CD Review: Devics Shine With Sad Songs on ...Push the Heart...
Melancholic Orchestrations and Haunting Harmonies Fill Up Band...s Latest Release
By Sarah Dupuis
“Push the Heart”
Filter U.S., 2006
Airy, gentle, and calculated, L.A. pop band Devics’ new release, “Push the Heart,” is as tiered, decorated, and clean as a white wedding cake. Fronted by the glistening vocals of Sara Lov and supplemented by multi-instrumentalist Dustin O’Halloran, the duo delivers a woebegone collection of tunes that are less than lyrically profound, but musically heartbreaking with every note.
Lov, the lyrical and vocal half of Devics, has a warm tone; the chilling harmonies present throughout the record give “Push the Heart” an unsettling sound reminiscent of Belgian group Melon Galia. Lov’s voice is never forced, and as pure as a pitch-perfect wind instrument. Her gentle intonation is complemented well by O’Halloran’s musical arrangements, which center around layered piano and guitar melodies, but also feature mellotron, moog, glockenspiel, synthesizer, Marxophone, and accordion, to name a few. This is the kind of disc that needs several listens in order to catch all the subtle entrances and exits orchestrated by O’Halloran. Although each note is expertly fitted to the surrounding music, the various musical phrases placed throughout the record are anything but repetitious, and seem to appear spontaneously.
The album opens with the melancholy and slow-paced “Lie to Me,” an eery tune that starts with the slow strumming of guitars, a piano part that seems to trickle as the notes descend, and the gorgeous purity of Lov’s voice. “Let me believe in something,” pleads Lov towards the end of the track, and instantly the listener wants to believe right along with her. The next track, “Secret Message To You,” tells the romantic story of a small wooden boat constructed out of wood, glue, magazine paper and an eraser. Lov’s desperation is obvious throughout the CD, although not always articulated clearly — “I’m not saying this is good or bad; I’m not saying that I want to go,” she sings on “Salty Seas,” a song which sounds vaguely like an older Cat Power tune. The pace, if not the mood, picks up after “Song for a Sleeping Girl,” with vocals fronted by the unimpressive but effective O’Halloran. The album then moves into the rolling “Distant Radio,” the best chance at a pop single on the despondently toned record. Even the jazzy song “Moments” makes Lov sound on the verge of tears.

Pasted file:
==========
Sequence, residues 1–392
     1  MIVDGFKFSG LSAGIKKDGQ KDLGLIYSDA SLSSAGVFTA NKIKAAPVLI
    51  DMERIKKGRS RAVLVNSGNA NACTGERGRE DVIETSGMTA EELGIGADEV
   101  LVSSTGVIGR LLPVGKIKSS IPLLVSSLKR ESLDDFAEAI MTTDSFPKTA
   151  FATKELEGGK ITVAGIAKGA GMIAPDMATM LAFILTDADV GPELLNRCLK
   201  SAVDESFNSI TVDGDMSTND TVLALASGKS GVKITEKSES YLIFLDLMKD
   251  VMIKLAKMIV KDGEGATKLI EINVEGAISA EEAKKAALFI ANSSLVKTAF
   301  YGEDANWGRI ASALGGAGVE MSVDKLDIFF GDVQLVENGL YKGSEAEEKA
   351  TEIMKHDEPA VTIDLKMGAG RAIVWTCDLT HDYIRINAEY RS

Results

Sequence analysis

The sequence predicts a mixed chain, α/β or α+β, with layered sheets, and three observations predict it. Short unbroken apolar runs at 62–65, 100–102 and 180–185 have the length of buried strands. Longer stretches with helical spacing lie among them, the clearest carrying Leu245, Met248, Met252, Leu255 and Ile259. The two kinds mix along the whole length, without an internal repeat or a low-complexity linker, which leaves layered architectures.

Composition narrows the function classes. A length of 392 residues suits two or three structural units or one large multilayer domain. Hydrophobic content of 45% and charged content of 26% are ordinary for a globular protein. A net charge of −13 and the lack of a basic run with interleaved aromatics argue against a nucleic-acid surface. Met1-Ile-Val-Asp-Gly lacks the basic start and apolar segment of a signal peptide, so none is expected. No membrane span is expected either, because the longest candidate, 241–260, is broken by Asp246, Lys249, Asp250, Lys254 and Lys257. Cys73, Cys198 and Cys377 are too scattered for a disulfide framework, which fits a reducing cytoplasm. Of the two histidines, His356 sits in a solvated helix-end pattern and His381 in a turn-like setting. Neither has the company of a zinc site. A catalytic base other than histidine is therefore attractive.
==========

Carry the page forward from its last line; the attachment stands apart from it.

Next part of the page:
The true highlight of “Push the Heart” is “Just One Breath.” With chord changes reminiscent of “OK Computer”-era Radiohead adding power to Lov’s vocals, and punchier drums than the rest of the record, “Just One Breath” stands out as the most rocking sad song Devics has released this go-around. The juxtaposition of such an atypical sound makes “Just One Breath” exciting, but it could easily stand on its own as a great indie rock song. Despite Devics’ comfort with gorgeous instrumentation and slow-paced sad songs, one can only hope they continue to develop their indie rock sound on subsequent albums.